The ultimate goal of this research is to understand the critical parameters influencing the acoustic behaviour of free reed instruments like the hand harmonium and to develop a natural sounding real time physics-based synthesis system that can add additional affordances like pitch glides and microtonality which cannot be achieved in a real harmonium.

Experimental Investigation of the Driving Mechanism in Spring Reverberation Tanks

ABSTRACT. Physics-based spring reverb emulation has seen steady advances in the literature over approximately the past decade, with a recent focus on improved numerical simulation of helical spring vibrations. The input and output mechanisms of tanks have not yet seen extensive research, and as such a simplified driving and pickup model is commonly employed in simulation algorithms.

To help advance the physics-based models, this study investigates the underlying physics behind the driving mechanism, the design of which is based on the principles of electromagnetic induction. At the input of a tank, an alternating current is passed through a coil of wire wrapped around a small section of U-shaped stacked metal laminations. The alternating magnetic field induced then influences a small cylindrical magnet suspended in the air gap of the U-shape, which is in turn attached to the helical spring, thereby inducing mechanical waves along the spring corresponding to the electrical input signal.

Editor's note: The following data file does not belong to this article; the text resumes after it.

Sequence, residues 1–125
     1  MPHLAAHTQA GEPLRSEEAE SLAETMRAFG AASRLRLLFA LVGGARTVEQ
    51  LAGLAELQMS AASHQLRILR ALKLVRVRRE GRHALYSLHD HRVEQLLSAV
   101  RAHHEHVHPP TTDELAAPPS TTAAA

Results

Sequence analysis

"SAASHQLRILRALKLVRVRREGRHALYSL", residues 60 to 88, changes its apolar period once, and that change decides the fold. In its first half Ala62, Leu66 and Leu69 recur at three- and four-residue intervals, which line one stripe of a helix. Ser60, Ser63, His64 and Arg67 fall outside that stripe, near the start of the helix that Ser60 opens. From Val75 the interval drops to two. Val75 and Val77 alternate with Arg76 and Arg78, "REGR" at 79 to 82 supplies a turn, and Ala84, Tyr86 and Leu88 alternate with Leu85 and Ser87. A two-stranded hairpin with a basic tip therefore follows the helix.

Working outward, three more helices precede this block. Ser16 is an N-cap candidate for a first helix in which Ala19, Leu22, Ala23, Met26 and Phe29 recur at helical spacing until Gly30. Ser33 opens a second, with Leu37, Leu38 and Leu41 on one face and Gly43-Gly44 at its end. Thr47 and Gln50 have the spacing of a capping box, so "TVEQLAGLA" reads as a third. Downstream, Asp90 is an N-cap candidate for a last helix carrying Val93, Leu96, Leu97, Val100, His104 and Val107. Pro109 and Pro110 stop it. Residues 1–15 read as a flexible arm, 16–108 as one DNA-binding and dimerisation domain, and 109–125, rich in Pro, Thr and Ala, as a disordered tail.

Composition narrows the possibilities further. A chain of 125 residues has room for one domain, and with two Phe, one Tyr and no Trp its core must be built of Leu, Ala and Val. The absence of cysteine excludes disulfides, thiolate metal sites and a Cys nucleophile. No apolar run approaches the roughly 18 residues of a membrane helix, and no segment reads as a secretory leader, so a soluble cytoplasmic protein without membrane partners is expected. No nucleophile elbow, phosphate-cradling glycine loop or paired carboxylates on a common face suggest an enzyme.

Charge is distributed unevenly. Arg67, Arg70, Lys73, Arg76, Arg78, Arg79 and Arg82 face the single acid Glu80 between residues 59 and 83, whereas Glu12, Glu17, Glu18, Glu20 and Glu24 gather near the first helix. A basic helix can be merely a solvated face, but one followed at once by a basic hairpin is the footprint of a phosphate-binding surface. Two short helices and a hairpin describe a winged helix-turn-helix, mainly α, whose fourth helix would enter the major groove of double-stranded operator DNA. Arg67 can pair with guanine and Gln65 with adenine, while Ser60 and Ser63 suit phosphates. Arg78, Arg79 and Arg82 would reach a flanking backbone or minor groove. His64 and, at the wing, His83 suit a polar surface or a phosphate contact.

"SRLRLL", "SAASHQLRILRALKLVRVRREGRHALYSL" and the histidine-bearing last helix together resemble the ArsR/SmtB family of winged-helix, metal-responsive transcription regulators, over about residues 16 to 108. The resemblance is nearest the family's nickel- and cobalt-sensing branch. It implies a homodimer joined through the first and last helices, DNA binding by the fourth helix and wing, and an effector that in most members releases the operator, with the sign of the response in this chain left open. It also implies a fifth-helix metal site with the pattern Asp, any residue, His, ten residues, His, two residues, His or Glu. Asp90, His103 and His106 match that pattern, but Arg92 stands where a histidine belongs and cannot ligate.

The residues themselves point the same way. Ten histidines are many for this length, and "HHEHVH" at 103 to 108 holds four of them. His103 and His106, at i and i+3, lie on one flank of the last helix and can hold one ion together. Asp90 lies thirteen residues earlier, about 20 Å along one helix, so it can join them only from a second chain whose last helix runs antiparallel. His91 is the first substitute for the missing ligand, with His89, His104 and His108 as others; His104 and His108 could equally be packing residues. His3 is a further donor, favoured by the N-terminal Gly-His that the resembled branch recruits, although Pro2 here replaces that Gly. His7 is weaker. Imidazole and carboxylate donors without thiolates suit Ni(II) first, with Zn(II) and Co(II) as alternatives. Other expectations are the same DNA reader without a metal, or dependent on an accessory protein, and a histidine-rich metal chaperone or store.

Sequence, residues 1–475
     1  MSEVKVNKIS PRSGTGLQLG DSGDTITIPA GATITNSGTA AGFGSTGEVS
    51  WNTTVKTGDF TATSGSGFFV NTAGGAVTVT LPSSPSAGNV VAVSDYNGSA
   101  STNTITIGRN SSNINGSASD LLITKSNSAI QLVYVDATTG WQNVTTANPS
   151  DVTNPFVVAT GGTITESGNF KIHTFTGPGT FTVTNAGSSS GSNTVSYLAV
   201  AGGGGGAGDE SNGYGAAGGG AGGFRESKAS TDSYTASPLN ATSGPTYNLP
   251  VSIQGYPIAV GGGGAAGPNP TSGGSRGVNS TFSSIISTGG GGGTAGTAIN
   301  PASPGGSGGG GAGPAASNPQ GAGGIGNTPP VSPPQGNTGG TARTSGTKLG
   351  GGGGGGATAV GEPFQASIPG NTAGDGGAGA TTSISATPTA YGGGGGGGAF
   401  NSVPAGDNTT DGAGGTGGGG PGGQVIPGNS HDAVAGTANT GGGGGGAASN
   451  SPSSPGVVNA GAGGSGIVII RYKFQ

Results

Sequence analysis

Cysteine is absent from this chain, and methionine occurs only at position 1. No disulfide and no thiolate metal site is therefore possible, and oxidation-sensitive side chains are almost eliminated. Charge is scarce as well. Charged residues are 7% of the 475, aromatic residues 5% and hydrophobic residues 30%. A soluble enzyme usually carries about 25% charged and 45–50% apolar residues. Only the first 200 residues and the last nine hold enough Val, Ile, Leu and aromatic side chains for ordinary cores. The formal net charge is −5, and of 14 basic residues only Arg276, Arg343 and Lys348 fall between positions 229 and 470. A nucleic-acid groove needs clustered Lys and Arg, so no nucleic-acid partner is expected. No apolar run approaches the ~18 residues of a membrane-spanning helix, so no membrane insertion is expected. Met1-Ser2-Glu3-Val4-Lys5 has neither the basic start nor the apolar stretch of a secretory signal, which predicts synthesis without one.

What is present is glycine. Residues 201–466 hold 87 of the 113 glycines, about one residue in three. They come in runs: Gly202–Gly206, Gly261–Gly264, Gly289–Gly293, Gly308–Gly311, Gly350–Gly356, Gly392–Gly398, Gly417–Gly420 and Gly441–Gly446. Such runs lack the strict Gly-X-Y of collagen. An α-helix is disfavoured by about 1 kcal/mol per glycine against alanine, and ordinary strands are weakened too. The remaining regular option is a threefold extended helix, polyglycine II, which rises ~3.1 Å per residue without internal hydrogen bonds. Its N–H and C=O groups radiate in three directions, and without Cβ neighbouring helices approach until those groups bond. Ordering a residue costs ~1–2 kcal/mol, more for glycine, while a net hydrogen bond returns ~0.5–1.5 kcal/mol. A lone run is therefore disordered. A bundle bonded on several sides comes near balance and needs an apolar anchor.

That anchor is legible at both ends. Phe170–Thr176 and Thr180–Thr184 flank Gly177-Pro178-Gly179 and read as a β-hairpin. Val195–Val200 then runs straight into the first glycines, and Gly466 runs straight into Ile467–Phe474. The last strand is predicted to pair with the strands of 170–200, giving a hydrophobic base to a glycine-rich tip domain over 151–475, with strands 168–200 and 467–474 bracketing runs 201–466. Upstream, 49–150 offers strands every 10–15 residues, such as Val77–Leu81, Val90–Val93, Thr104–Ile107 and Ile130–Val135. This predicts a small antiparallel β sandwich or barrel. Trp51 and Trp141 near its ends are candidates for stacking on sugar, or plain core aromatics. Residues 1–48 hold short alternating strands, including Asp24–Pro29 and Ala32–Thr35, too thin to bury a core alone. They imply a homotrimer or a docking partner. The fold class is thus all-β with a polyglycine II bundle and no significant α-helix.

We study how the electromagnetic field drives the magnetic bead here through experimental means. It is generally thought that the bead drives the spring through torsional motion (i.e., twisting), but specific aspects still require attention, including if the magnetic field can excite the bead in other polarisations and how the torsion transfer function amplitude varies across the audio frequency range.